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Objectivity and responsibility in moral education

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dc.contributor.author Reilly, Elizabeth
dc.date.accessioned 2009-06-02T21:00:51Z
dc.date.available 2009-06-02T21:00:51Z
dc.date.copyright 1998 en
dc.date.issued 2009-06-02T21:00:51Z
dc.identifier.uri http://hdl.handle.net/2429/8656
dc.description.abstract The central problem addressed in this thesis has two parts. First, how can an educator respect the developing autonomy of a student's rational capacities while nurturing'the development of particular moral sensibilities and a particular moral perspective? Second, if a moral educator challenges a group of students to consider an alternative moral position, how can she or he be justified in presenting the new perspective as superior to the old one? My argument, in summary, is that an ideal of strong objectivity, as it is conceived by Sandra Harding in the context of feminist standpoint theory, works as a set of standards against which to evaluate the adequacy of one's moral perspective, and it offers a valuable means for comparing this perspective to others. Strong objectivity is an ideal which employs a set of standards including respect, reflexivity, and critical evaluation of social situations to challenge inquirers to maximise their objectivity. They do this through recognising and testing not only the content of their knowledge claims but also the purpose these claims play in the development of research programs, A commitment to strong objectivity entails attempting to understand the partiality of one's own perspective and recognising how that partiality distorts one's perception. The process of learning from others' perspectives is central to revising and enriching one's own perspective, and this revision and enrichment is an . ongoing responsibility for any teacher. Through the application of strong objectivity to moral theory building, a moral educator can be justified in believing that her or his own moral perspective is the most adequate one available. If a moral educator understands Harding's conception of strong objectivity, and embraces it as an ideal, the result will be a more justly equitable learning environment and a more complete understanding of the moral perspective which is being developed within the classroom. These are fundamental to the legitimacy of the work of a moral educator. en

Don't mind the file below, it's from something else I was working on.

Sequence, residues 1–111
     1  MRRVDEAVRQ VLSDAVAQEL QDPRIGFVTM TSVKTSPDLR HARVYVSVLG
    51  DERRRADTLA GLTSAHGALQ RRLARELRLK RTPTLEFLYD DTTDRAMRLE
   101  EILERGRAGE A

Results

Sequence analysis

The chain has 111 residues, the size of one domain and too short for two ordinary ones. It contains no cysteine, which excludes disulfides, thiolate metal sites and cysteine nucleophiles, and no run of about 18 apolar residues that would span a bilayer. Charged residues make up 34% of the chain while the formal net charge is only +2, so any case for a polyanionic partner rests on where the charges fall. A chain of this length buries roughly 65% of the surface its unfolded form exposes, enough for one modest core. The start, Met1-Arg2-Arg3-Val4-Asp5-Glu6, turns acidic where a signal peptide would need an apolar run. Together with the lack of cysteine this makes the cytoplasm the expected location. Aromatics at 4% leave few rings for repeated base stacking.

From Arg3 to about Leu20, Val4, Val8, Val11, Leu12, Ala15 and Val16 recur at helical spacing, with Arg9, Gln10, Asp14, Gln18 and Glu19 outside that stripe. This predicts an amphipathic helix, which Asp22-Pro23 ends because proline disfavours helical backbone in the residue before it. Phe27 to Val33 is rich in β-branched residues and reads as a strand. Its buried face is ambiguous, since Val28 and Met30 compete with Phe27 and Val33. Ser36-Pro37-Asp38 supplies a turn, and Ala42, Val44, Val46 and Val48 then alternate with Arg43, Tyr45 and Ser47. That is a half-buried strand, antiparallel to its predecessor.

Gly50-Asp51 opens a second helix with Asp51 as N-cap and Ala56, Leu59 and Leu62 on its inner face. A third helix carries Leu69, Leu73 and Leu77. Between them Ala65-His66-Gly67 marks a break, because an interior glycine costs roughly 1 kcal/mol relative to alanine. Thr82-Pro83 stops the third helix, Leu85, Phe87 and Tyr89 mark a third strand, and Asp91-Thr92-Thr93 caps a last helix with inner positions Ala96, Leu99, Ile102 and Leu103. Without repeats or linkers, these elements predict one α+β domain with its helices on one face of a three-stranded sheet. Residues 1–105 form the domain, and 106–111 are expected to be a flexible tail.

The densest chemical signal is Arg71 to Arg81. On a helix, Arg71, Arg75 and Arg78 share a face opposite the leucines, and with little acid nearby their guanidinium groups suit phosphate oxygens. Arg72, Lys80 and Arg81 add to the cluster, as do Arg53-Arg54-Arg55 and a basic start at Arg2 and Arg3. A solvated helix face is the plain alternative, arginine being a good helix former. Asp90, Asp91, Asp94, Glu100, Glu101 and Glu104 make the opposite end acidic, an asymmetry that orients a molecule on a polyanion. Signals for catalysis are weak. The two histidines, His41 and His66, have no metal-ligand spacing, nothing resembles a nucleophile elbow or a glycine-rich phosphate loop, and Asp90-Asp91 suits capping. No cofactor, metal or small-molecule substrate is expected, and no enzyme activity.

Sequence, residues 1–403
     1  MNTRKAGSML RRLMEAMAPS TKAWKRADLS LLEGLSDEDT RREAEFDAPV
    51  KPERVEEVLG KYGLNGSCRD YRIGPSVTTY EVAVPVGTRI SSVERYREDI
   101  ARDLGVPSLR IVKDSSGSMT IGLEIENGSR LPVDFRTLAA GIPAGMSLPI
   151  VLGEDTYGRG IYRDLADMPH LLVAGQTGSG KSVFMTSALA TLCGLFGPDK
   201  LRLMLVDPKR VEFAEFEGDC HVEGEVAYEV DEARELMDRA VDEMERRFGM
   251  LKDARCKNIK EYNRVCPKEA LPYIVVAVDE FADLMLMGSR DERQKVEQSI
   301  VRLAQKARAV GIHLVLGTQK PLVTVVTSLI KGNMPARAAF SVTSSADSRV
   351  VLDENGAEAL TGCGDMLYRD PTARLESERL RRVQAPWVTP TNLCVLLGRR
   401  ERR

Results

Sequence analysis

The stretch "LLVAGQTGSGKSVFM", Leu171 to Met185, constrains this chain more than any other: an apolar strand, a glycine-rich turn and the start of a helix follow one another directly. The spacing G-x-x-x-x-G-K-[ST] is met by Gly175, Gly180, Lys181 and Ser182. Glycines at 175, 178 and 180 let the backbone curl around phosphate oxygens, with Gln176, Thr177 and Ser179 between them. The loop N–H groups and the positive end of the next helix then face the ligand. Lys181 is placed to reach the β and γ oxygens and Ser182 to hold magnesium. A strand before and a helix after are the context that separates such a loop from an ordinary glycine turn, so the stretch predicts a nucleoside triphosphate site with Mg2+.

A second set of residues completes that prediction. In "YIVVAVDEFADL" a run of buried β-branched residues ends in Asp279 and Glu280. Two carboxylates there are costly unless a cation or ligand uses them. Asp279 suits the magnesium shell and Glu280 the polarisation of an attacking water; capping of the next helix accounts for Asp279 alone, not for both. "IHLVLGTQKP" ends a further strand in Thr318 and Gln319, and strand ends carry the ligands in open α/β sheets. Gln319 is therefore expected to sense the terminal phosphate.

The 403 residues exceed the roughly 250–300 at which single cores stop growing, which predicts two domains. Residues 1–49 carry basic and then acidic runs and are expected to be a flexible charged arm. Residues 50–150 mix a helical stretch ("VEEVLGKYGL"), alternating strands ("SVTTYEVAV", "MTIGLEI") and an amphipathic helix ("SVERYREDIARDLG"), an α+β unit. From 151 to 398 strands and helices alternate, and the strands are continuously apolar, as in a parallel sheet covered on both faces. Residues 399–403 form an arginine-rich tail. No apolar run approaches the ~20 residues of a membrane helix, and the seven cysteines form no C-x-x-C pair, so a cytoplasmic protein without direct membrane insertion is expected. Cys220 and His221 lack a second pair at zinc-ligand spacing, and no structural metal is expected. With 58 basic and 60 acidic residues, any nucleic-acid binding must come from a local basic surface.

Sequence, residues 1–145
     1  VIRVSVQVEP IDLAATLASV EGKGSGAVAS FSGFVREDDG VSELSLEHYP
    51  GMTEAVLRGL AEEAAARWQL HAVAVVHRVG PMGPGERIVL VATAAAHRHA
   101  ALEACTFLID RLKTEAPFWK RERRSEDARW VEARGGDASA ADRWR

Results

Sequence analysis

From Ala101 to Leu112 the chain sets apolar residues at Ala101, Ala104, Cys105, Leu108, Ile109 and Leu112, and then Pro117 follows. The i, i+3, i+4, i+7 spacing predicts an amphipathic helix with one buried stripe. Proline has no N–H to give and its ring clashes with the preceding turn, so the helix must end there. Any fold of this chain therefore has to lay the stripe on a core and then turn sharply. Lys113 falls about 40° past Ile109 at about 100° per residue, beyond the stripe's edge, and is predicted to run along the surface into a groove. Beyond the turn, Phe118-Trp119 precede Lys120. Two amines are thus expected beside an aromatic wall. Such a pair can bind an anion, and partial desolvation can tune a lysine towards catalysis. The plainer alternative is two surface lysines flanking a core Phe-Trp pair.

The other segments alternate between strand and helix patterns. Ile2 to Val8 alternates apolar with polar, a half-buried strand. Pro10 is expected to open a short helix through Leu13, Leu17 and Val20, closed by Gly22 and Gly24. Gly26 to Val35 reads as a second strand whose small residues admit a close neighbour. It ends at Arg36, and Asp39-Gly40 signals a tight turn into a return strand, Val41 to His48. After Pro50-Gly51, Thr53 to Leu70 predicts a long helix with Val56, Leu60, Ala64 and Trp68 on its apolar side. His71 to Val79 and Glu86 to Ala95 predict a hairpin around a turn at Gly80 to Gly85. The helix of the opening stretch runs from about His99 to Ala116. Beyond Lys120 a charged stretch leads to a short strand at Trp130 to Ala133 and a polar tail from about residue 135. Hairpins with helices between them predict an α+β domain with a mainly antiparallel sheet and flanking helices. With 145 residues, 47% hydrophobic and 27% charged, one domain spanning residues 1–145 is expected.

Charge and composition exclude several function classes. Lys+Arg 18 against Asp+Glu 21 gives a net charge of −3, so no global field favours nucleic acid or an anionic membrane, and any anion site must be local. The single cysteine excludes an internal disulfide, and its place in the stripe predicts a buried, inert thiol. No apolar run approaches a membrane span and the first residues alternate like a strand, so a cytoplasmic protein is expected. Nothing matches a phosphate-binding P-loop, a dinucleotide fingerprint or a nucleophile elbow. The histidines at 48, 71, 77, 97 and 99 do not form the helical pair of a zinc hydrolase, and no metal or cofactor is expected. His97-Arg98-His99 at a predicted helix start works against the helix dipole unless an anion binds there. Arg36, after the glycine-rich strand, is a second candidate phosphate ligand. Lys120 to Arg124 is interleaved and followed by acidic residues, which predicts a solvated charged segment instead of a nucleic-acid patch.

dc.format.extent 6200636 bytes
dc.format.mimetype application/pdf
dc.language.iso eng en
dc.relation.ispartof Retrospective Theses and Dissertations, 1919-2007 en
dc.relation.ispartofseries UBC Retrospective Theses Digitization Project [http://www.library.ubc.ca/archives/retro_theses/]
dc.subject Education - Moral and ethical aspects en
dc.subject Objectivity en
dc.subject Feminist theory en
dc.subject Knowledge, Theory of en
dc.title Objectivity and responsibility in moral education en
dc.type Text
dc.degree.name Doctor of Philosophy - PhD en
dc.degree.discipline Educational Studies en
dc.degree.grantor University of British Columbia
dc.date.graduation 1998-05 en
dc.type.text Thesis/Dissertation en
dc.description.affiliation Education, Faculty of en
dc.degree.campus UBCV en
dc.description.scholarlevel Graduate en

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